USPS customers adjust to new times
FAIRMONT – Getting a card or bill out in the mail in time has gotten a little more complex over the summer.
“I’ve been mailing letters thinking I was getting them in in time,” said Barb Goodrich of rural Fairmont. “… Normally I’m always running to the mailbox between 4 and 5 p.m.”
But in Fairmont, the pick-up time is now 2:45, meaning those late afternoon drop-offs won’t be in the delivery system or postmarked until the next day.
When potential closings and cuts to the post office system were announced earlier this year, one of the downsizing moves included transferring the distribution system that was in Mankato to Minneapolis, according to Pete Nowacki, a spokesperson for the postal service out of the Minneapolis area.
“In the past, all the zip codes that started with 560 or 561 went to Mankato,” Nowacki said. “That’s just about all of southwestern and south-central Minnesota. The initial cancel and sorting occurred, and now all of that occurs in Minneapolis. The collection times have moved up, because we still have the overnight delivery standard.”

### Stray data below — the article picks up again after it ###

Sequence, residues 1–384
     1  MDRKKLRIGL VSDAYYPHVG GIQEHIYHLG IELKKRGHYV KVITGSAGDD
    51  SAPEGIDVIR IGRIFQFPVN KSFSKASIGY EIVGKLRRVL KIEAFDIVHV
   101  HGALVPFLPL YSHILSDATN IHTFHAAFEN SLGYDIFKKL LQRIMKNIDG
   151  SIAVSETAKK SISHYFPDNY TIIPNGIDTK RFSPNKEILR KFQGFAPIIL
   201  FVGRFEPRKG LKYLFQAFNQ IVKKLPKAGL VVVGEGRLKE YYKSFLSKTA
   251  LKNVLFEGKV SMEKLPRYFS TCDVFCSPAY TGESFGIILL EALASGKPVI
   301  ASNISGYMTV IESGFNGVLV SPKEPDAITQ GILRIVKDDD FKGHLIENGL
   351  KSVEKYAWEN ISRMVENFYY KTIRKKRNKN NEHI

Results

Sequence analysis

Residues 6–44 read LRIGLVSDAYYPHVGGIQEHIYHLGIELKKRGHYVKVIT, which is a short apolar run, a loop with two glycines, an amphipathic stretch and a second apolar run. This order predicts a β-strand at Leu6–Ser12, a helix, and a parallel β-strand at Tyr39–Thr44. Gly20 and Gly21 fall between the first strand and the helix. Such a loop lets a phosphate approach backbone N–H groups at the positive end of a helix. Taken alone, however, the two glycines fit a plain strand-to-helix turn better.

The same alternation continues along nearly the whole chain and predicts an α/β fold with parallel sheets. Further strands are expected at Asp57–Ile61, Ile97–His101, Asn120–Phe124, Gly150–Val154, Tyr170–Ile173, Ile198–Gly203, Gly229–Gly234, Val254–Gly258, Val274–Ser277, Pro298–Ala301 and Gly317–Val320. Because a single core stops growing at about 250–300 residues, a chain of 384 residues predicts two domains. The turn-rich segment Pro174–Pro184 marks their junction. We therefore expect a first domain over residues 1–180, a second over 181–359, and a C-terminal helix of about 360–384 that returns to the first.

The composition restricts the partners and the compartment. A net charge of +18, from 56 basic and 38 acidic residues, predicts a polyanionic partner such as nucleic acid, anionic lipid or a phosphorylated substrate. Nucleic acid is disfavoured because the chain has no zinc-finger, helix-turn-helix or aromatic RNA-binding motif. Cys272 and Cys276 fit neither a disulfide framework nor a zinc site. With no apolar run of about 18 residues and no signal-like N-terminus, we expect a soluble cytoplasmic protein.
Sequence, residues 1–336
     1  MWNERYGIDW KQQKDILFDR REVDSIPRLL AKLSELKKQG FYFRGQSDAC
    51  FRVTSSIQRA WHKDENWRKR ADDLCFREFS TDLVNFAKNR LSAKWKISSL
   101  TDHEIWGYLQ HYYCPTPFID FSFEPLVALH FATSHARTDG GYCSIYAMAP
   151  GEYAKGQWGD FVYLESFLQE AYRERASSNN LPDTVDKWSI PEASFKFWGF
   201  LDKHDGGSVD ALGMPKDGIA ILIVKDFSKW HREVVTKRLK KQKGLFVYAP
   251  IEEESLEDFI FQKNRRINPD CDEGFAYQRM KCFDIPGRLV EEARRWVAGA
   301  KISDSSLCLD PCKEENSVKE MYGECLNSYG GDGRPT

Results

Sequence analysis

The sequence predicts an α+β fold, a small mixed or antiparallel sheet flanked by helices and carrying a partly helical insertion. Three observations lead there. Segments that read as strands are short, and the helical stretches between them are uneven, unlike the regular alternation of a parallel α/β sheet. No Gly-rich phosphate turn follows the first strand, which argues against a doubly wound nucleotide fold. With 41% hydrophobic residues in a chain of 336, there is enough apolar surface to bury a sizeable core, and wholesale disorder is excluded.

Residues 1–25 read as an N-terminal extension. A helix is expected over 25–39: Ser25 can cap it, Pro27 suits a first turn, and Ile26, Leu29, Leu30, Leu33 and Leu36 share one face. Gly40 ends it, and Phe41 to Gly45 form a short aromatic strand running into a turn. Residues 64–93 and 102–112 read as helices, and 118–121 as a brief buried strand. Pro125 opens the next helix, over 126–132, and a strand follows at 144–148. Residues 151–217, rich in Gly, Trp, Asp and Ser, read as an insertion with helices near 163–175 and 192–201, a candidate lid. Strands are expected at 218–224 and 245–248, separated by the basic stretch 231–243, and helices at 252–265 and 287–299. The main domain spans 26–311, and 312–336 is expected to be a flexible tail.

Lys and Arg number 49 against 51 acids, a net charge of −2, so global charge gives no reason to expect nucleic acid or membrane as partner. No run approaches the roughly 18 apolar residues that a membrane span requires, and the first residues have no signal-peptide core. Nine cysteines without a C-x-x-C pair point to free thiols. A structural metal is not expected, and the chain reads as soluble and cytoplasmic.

The distribution move from Mankato to Minneapolis took effect June 1, but little was seen or heard about the switch.
“It did happen overnight,” Nowacki said. “One day, we were collecting there, the next we were collecting here. We hear about it from time to time, and it does impact how some people go about their business. But when we explain why we had to do this, they’re more understanding. … Sometimes people don’t notice the change until it directly affects them. But it does make a difference, and people need to be aware for those bills and cards that need to be on time.”
The reason people may have been slow to notice is the same reason the post office has needed to make these cuts in the first place.
“The two big things are there is not as much mail, so there is not as much need. And secondly is money. With less mail, there are less stamps purchased. We may be a federal entity, but we are funded with the sale of stamps, rental of post office boxes; we don’t go to Congress to get more money.”
The changes in postal carrier service seen in Fairmont and southern Minnesota are being seen all over the nation.
“There are changes all through the organization, nationwide,” Nowacki said. “There have been consolidated operations. What happened in Mankato also happened in Rochester, and we’re preparing for that in St. Cloud and Eau Claire. … Over the last several years, our volume has fallen significantly. Just five or six years ago, we would handle over 100 billion pieces of mail of year. Now that number is under 70 billion, because a lot of people have started paying their bills online; people put invitations to events and weddings on Facebook now instead of sending out formal invitations. It has made a big difference and we have to change, too.”